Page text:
Photo: John Cusack as juror Nicholas Easter in “Runaway Jury” http://www.fanpop.com/spots/john-cusack/images/8609499/title/runaway-jury-photo

Video clip: “Runaway Jury” – trailer

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14 thoughts on “Runaway Justice or Face the Music

  1. 😀 This made me chuckle, Judy. How on earth could they have got it so wrong! Of course Kate is right: a dog would make things much simpler. If a little smellier.

    1. At one time, I did have a dog. (Heidi died.) Then, our cat, Tumbleweed, was our furry companion.You’re right, Kateshrewsday. Katecrimmins’ advice is sound.

      I’m glad you enjoyed my post. Hyperbole is my best friend.

  2. Perhaps you have a stray dog acting as a squatter in your home while you’re out…
    Hopefully, it won’t be too many phone calls and piles of paperwork to reveal the truth of your dog-free life.

    1. My kitties have tried to tell me that some doggie came into our home while we were away. Until now, I have questioned this. I believed they were only naming a scapegoat for their misdeeds. After your comment, I’m beginning to rethink this.

      Thank you for visitng my blog and commenting.

  3. Mom, I have a hard time believing that any of my furry siblings could be responsible…it could have been a rogue dog like L. Palmer suggested…yes let’s go with that. Love you!

  4. Hi Judy,

    Loved the story, specially the ‘ tongue in cheek’ colouring you have given to the tale. The aspect of challenging the omnipresent computer is so hilarious. So, when do we get th read the Part -2 of the tale?

    Cheers

    Shakti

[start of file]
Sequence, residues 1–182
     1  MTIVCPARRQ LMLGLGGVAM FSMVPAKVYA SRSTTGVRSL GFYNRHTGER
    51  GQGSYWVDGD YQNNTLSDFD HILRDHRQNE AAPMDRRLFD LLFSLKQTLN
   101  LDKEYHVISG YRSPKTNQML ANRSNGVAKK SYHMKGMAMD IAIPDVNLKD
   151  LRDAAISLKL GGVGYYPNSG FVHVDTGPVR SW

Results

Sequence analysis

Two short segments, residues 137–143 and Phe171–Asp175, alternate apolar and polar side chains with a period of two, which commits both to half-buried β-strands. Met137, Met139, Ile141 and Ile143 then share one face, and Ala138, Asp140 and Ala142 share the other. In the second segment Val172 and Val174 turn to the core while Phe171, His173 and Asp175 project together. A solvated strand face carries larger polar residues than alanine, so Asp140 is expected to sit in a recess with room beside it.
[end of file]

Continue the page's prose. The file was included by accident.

1. Thank you, Shakti, for your kind words. I did have great fun writing this. Computers are such an easy target. About a Part 2 … you may have to read Mark Armstrong’s eloquent pitch for the “wronged woman” defense. It’s just below.

  5. Totally outrageous!! I suspect Gene Hackman is behind it, the guy is clearly a psycho.

    Don’t do it! Don’t throw yourself on the mercy of the court!! You can fight City Hall and the Dog Pound!!

    Daydream sequence: You’re speaking eloquently in court. Jurors are dabbing at their eyes. You’re defending the Constitution and the Rights Of Man. Suddenly great orators from history materialize behind you: Daniel Webster, Henry Clay, William Jennings Bryan, Gregory Peck as Atticus Finch, Jimmy Stewart as Mr. Smith… The judge slams down his gavel!

    “Case dismissed! I order the City to pay Ms. Berman $2 million for wasting her valuable time, throw in a box of chocolates, and send someone over to shovel her driveway this winter!!”

    Now that’s my kinda justice… : )

    Hang tough, stay the course!!

    1. Mark, you had me at the “box of chocolates.”Hmmm … chocolates.” If I still lived up north, I’d also eagerly accept the show shoveling offer.

      I wept as I read you eloquent plea on my behalf. I love the dream sequence. Maybe, I’ll just have you go in and convince the judge that they’ve got the “wrong (wo)man.”